leaks to kernelspace during thread pointer init could be used as an
even stronger barrier.
as explained in commit 6ba5517a460c6c438f64d69464fdfc3269a4c91a, some
archs use an offset (typicaly -0x8000) with their DTPOFF relocations,
which __tls_get_addr needs to invert. on affected archs, which lack
direct support for large immediates, this can cost multiple extra
instructions in the hot path. instead, incorporate the DTP_OFFSET into
the DTV entries. this means they are no longer valid pointers, so
store them as an array of uintptr_t rather than void *; this also
makes it easier to access slot 0 as a valid slot count.
commit e75b16cf93ebbc1ce758d3ea6b2923e8b2457c68 left behind cruft in
two places, __reset_tls and __tls_get_new, from back when it was
possible to have uninitialized gap slots indicated by a null pointer
in the DTV. since the concept of null pointer is no longer meaningful
with an offset applied, remove this cruft.
presently there are no archs with both TLSDESC and nonzero DTP_OFFSET,
but the dynamic TLSDESC relocation code is also updated to apply an
inverted offset to its offset field, so that the offset DTV would not
impose a runtime cost in TLSDESC resolver functions.
this facilitates building software that assumes a large default stack
size without any patching to call pthread_setattr_default_np or
pthread_attr_setstacksize at each thread creation site, using just
normally the PT_GNU_STACK header is used only to reflect whether
executable stack is desired, but with GNU ld at least, passing
-Wl,-z,stack-size=N will set a size on the program header. with this
patch, that size will be incorporated into the default stack size
(subject to increase-only rule and DEFAULT_STACK_MAX limit).
both static and dynamic linking honor the program header. for dynamic
linking, all libraries loaded at program start, including preloaded
ones, are considered. dlopened libraries are not considered, for
several reasons. extra logic would be needed to defer processing until
the load of the new library is commited, synchronization woud be
needed since other threads may be running concurrently, and the
effectiveness woud be limited since the larger size would not apply to
threads that already existed at the time of dlopen. programs that will
dlopen code expecting a large stack need to declare the requirement
themselves, or pthread_setattr_default_np can be used.
libc.h was intended to be a header for access to global libc state and
related interfaces, but ended up included all over the place because
it was the way to get the weak_alias macro. most of the inclusions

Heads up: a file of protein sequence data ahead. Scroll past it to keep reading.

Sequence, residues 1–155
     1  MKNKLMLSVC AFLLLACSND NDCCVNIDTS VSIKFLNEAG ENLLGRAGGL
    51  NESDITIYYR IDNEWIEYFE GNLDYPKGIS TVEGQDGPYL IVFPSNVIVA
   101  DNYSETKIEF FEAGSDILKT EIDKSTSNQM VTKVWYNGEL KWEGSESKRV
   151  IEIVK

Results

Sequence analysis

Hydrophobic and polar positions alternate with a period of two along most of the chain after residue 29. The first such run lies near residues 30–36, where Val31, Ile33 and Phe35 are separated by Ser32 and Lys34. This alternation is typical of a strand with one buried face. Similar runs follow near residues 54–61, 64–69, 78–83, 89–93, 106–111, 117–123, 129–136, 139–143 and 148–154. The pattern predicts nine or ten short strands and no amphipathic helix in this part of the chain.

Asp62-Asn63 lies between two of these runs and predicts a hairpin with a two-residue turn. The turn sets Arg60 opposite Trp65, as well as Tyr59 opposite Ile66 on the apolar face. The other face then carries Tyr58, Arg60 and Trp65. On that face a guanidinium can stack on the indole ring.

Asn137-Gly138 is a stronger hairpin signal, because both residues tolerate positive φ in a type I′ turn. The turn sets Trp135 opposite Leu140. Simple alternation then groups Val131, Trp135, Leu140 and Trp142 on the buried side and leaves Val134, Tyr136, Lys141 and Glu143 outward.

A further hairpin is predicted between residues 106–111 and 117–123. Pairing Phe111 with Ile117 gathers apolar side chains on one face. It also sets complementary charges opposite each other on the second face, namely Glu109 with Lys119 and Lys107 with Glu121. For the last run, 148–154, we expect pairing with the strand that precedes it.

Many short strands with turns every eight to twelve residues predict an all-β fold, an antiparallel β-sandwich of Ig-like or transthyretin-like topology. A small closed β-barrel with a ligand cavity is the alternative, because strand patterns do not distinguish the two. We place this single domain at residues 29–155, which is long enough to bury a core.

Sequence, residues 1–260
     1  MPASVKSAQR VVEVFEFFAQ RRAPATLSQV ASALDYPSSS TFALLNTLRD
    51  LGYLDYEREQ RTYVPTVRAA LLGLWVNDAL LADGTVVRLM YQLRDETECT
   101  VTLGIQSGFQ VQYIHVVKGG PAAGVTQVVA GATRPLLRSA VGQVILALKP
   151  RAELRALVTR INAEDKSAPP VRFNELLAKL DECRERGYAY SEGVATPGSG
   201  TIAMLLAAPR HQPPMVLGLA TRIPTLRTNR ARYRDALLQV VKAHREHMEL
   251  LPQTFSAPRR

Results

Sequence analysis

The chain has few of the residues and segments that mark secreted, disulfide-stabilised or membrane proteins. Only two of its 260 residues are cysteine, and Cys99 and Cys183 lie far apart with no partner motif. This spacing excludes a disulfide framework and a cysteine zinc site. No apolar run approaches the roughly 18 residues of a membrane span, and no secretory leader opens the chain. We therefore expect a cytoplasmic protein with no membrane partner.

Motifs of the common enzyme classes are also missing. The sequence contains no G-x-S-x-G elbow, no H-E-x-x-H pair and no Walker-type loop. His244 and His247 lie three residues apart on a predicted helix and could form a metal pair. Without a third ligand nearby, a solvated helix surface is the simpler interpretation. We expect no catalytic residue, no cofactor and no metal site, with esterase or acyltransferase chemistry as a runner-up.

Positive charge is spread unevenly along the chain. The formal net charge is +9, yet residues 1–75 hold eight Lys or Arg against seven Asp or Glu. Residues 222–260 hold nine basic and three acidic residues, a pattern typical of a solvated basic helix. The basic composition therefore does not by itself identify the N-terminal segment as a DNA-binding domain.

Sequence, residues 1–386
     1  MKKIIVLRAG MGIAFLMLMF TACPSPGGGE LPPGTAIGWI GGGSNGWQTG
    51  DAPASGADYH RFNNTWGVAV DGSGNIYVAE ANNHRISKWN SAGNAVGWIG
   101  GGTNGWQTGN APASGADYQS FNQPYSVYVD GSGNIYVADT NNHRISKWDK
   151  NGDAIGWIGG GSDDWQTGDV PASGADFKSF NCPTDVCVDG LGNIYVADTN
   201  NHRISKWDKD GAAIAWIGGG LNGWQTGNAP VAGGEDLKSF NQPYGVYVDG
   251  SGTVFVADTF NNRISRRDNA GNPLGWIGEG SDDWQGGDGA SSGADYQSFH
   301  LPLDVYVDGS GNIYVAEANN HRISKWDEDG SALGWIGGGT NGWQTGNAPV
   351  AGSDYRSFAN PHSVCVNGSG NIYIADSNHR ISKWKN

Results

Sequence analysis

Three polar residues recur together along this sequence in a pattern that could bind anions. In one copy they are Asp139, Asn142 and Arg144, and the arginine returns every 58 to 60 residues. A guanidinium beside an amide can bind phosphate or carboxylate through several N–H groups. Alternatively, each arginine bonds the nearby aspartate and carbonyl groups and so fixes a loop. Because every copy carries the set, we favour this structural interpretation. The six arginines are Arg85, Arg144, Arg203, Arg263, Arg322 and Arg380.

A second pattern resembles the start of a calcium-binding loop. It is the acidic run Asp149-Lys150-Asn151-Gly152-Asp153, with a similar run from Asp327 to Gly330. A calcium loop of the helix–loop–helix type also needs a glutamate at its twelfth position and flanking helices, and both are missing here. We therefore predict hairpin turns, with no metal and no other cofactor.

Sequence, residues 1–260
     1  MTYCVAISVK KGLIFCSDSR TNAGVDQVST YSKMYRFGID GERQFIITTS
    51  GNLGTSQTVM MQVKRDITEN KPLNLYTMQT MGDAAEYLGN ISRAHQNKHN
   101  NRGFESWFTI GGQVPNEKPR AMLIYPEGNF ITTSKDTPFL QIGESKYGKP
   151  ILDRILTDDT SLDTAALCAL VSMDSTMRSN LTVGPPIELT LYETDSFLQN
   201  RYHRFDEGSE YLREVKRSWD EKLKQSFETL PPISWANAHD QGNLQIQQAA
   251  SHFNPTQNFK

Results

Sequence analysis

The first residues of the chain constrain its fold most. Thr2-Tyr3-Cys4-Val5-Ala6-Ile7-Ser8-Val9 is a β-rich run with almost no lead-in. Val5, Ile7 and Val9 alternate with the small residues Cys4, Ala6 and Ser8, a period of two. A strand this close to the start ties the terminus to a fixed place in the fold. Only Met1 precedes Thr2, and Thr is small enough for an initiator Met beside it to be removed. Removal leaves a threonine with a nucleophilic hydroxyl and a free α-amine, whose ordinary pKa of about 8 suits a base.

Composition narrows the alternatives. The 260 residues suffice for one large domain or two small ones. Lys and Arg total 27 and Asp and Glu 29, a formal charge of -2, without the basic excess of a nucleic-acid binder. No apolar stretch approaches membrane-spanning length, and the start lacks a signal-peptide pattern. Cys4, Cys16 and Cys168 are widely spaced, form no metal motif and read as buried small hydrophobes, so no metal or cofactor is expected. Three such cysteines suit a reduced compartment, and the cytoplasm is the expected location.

removed here are places where weak_alias was needed. a few were
recently introduced for hidden. some go all the way back to when
libc.h defined CANCELPT_BEGIN and _END, and all (wrongly implemented)
cancellation points had to include it.
remaining spurious users are mostly callers of the LOCK/UNLOCK macros
and files that use the LFS64 macro to define the awful *64 aliases.
in a few places, new inclusion of libc.h is added because several
internal headers no longer implicitly include libc.h.
declarations for __lockfile and __unlockfile are moved from libc.h to
stdio_impl.h so that the latter does not need libc.h. putting them in
libc.h made no sense at all, since the macros in stdio_impl.h are
needed to use them correctly anyway.
commits leading up to this one have moved the vast majority of
libc-internal interface declarations to appropriate internal headers,
allowing them to be type-checked and setting the stage to limit their
visibility. the ones that have not yet been moved are mostly
namespace-protected aliases for standard/public interfaces, which
exist to facilitate implementing plain C functions in terms of POSIX
functionality, or C or POSIX functionality in terms of extensions that
are not standardized. some don't quite fit this description, but are
"internally public" interfacs between subsystems of libc.
rather than create a number of newly-named headers to declare these
functions, and having to add explicit include directives for them to
every source file where they're needed, I have introduced a method of
wrapping the corresponding public headers.
parallel to the public headers in $(srcdir)/include, we now have
wrappers in $(srcdir)/src/include that come earlier in the include
path order. they include the public header they're wrapping, then add
declarations for namespace-protected versions of the same interfaces
and any "internally public" interfaces for the subsystem they
along these lines, the wrapper for features.h is now responsible for
the definition of the hidden, weak, and weak_alias macros. this means
source files will no longer need to include any special headers to
access these features.
over time, it is my expectation that the scope of what is "internally
public" will expand, reducing the number of source files which need to
include *_impl.h and related headers down to those which are actually
implementing the corresponding subsystems, not just using them.
this cleans up what had become widespread direct inline use of "GNU C"
style attributes directly in the source, and lowers the barrier to
increased use of hidden visibility, which will be useful to recovering
some of the efficiency lost when the protected visibility hack was
dropped in commit dc2f368e565c37728b0d620380b849c3a1ddd78f, especially
on archs where the PLT ABI is costly.
In TLS variant I the TLS is above TP (or above a fixed offset from TP)
but on some targets there is a reserved gap above TP before TLS starts.
This matters for the local-exec tls access model when the offsets of
TLS variables from the TP are hard coded by the linker into the